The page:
So yes, we need to master our individual minds as beings in this universe and as women living in a deeply patriarchal and sexist world. But where is the exhortation to work towards mastering the collective mind for what we all know is the good of the collective?


As the individual mind believes, so it is but also as the collective mind believes, so it is.

the apocalypse we fear

the apocalypse we fear

will not come from Divine retribution

will not involve gods coming down

on fiery clouds, sickle in hand

judgement on the agenda

and for us mortals

heaven or hell the destination


the apocalypse we fear

will come and trust it will

because we have forgotten

the principles

that we may balance them

and the laws that govern this realm

that we may mind them


does not everything on this realm

come from the same origin?

the Spirit of which sings softly in our ears?

what creature can consume itself and live?

do we not see the imprint?

in high forms as in low?

if it obtains in the cosmos

surely on earth, won’t it do same?


does not everything have an opposite?

what swings left, will it not also swing right?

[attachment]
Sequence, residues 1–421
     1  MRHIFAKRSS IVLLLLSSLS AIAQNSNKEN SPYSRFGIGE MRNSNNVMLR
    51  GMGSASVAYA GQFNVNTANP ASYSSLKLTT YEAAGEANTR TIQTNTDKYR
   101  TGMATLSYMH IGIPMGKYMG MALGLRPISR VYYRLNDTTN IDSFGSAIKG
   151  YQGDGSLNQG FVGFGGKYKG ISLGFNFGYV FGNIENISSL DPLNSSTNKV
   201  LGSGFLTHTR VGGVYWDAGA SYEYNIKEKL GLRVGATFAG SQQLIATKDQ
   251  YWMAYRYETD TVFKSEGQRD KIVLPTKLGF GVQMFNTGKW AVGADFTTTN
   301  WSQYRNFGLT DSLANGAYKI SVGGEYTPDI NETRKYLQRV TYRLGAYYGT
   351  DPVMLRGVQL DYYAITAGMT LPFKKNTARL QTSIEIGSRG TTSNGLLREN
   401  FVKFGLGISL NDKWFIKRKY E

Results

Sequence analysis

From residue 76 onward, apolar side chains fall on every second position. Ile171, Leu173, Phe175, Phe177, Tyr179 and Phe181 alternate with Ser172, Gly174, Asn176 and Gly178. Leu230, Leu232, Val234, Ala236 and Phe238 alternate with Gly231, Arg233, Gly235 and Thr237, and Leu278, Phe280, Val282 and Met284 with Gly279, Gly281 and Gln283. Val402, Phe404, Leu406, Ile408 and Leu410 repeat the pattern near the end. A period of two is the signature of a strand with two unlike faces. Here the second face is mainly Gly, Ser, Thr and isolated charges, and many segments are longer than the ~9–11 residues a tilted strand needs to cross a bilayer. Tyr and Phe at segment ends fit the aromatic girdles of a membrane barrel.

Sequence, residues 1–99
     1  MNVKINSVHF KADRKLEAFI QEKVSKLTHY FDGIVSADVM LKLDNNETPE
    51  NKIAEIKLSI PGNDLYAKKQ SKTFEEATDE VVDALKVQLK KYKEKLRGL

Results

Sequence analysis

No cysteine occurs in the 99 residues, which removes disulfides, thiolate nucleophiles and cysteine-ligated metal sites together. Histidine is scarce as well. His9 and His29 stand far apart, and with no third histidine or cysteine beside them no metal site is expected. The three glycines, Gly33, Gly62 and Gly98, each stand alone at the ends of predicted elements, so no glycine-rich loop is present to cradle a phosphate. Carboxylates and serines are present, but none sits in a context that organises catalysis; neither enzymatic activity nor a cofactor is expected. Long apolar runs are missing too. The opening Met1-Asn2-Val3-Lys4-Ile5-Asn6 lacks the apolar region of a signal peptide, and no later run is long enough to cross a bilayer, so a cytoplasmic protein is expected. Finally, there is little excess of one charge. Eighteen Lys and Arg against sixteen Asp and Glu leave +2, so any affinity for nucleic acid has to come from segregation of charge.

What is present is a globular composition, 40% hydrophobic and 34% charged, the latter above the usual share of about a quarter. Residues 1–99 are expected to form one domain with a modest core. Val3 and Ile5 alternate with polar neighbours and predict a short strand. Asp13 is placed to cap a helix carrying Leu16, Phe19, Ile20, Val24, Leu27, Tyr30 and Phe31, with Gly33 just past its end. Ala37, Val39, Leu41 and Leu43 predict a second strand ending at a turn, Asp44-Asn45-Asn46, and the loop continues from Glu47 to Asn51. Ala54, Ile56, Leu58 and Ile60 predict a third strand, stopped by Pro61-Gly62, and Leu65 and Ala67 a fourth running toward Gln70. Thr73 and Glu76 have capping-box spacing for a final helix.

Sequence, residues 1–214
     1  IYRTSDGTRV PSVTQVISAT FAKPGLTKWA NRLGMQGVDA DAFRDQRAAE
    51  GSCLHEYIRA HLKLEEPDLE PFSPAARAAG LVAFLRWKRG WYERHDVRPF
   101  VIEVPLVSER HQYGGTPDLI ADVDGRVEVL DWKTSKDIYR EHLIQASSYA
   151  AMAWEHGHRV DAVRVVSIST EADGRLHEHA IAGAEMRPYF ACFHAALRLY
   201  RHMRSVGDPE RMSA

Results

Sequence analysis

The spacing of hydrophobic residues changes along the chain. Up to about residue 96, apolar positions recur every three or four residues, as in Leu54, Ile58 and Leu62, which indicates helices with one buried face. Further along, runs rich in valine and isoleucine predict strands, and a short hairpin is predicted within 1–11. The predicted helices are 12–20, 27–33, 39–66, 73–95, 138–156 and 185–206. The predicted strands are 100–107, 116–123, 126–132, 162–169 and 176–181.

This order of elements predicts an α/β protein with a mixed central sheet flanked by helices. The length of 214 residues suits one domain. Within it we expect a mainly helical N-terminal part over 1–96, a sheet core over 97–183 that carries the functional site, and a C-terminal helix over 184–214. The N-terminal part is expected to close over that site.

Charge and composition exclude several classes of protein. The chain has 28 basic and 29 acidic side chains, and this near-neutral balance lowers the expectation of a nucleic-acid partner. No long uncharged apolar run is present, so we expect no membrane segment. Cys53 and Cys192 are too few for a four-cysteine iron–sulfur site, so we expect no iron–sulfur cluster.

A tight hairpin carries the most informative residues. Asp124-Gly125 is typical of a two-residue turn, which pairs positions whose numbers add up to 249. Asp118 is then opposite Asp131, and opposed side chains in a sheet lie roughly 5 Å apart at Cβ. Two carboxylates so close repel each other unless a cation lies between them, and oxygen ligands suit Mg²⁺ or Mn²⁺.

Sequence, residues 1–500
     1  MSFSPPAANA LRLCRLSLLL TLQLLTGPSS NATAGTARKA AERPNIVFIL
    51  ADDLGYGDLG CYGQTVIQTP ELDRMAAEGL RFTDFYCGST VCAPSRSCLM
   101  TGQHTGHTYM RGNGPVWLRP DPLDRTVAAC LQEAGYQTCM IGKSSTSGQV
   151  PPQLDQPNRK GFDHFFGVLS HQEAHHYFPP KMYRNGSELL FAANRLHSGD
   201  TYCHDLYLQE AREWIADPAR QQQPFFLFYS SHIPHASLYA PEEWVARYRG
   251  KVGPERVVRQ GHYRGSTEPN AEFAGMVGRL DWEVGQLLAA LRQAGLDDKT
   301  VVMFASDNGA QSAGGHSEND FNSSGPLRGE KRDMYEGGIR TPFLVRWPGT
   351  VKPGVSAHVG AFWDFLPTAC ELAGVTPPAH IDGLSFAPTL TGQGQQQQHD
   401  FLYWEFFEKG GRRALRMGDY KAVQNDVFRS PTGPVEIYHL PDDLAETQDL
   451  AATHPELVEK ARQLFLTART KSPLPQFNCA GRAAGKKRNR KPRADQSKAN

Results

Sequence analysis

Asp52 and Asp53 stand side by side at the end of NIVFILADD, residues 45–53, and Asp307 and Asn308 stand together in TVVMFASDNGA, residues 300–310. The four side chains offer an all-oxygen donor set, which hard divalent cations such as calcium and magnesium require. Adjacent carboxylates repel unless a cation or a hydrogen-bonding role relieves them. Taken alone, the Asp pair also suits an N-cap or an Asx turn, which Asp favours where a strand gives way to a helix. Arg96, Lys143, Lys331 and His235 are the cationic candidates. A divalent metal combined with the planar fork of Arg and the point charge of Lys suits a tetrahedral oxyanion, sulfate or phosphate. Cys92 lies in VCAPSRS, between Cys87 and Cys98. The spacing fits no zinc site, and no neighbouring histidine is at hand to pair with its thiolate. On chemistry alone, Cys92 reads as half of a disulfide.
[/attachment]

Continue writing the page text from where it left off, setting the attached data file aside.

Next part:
and if it swings far left enough

will it not with mighty force swing right

destroying all in its path?

what rises up, does it not come down?

and if it rises high enough

what a great fall it will be!


does not all matter vibrate?

ask your friendly scientist

do all causes not have effects?

and effects their causes?

do we and all created things

masculine, as feminine

not follow the rhythms of life?


the apocalypse we fear

will come

because we have abandoned

the most important principles

that we may balance them

and the greatest law of all

which is love

Curses loading…

You dehumanize your wives
You beat them
Some of you force yourselves on them
A man can’t rape his wife, can he?